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COVID-19 hits N. Korea's economy hard... humanitarian aid in need Updated: 2020-07-17 09:04:33 KST

Staying on the PENINSULA.
North Korea as it claims MAY be FREE from COVID-19 INFECTION CASES BUT the country remains VULNERABLE to COVID-19 ECONOMIC CONSEQUENCES.
I have our North Korean affairs correspondent Hong Yoo in the studio FOR MORE on this INEVITABLE REALITY.
Welcome Yoo.

Let's begin with the SEVERITY of the economic SITUATION up North then.

Sunhee, international sanctions had already taken a heavy toll on North Korea's economy even before the COVID-19 pandemic, but the situation looks to have worsened.
The Korea Institute for National Unification predicts that prices of food such as rice will skyrocket.
In their latest report on prices and exchange rates in the North Korean market, the think tank said market volatility has risen in the North compared to last year.
With the border shutdowns in place, trade between Pyeongyang and Beijing has also plummeted.
So there are less supplies flowing into the North, prompting ordinary citizens to stock up on goods, thus triggering inflation.
There is also analysis that the North's policy change in restricting imports, issuing government bond, and selling import permits for foreign currency, could have influenced market prices and exchange rates.
North Korea's economic woes are compounded by the international sanctions on the regime that still remain in place.
And most importantly, North Korea is practicing social distancing and strengthening its disease prevention measures, so production has also slowed down, leading to lower food yields.

So is the South Korean government providing any assistance to its northern counterpart?

Yes, the National Assembly has tabled a bill to provide humanitarian assistance to North Korea, to help them contain COVID-19.
Ruling party lawmaker Ahn Min-seok proposed the idea of promoting cooperation with the international community in this regard.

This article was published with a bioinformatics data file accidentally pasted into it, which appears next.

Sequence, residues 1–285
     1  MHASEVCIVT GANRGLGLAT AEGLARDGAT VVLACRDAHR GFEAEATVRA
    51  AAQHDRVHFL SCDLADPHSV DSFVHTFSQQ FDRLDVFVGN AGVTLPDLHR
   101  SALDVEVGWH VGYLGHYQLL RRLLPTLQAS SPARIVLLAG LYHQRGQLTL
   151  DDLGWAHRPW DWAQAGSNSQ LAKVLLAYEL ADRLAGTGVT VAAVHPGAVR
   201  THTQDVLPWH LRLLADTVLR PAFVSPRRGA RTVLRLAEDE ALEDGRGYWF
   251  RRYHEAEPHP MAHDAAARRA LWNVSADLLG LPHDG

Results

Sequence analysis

This includes supporting private organizations that want to participate in humanitarian aid projects.
He added that this is an effort to mend inter-Korean ties, as well as to promote peace and denuclearization on the Korean Peninsula.
But no matter how much we want to help the North, nothing can happen if the North does not respond.
And that is why much of our hopes are riding on the new unification minister.
The nominee for Minister of Unification Lee In-young, said right after his nomination that he will go over ways to foster humanitarian cooperation, and stressed the importance of reopening dialogue with North Korea.
We will have to wait and see how the North reacts, once the new unification minister takes up his post.

How about the international community?
Are there efforts there to assist North Korea?

North Korea has taken delivery of thousands of face masks and COVID-19 test kits.
The International Federation of Red Cross and Red Crescent Societies says 4-thousand masks and 10-thousand test kits arrived last week, while protective suits and other supplies are also on the way.
They are set to be distributed by the Red Cross Society of North Korea, with the UN granting a sanctions waiver on aid shipments back in February.
The Swiss Agency for Development and Cooperation has delivered sanitation goods to 30 hospitals in North Korea in mid-June.
It announced Wednesday that people in Pyeongyang and eight provinces received supplies worth around 58-thousand U.S. dollars.
The SDC says they are preparing to send personal protective equipment such as protective suits, surgical masks, hand sanitizers, gloves and goggles worth around 37-thousand dollars.

Now despite CLAIMS of NO COVID-19 CASES North Korea appears to be taking STRINGENT disease control measures.

Yes Sunhee, North Korea's state-run newspaper Rodong Sinmun reported Wednesday, that enhanced disease prevention measures have now been adopted by the North. It called for vigilance amid the worsening pandemic across the world, and resurgent outbreaks in neighboring countries.
Land borders and ports remain closed and supplies coming through them are being closely monitored.
Goods that come in through ports and train stations must pass an inspection and meet disease prevention requirements in order to be let in.
The regime is making sure that people coming in through ports are being tested for the virus, and waste material onboard vessels are being safely disposed of.
The North is also promoting better public awareness of COVID-19, so they can check themselves into a hospital, if symptoms appear.
In Samjiyon city, all workers and residents are wearing masks, washing their hands often, and boiling water before consumption, as ordered by North Korean leader Kim Jong-un.

Thank you for the coverage Hong Yoo.

My pleasure.
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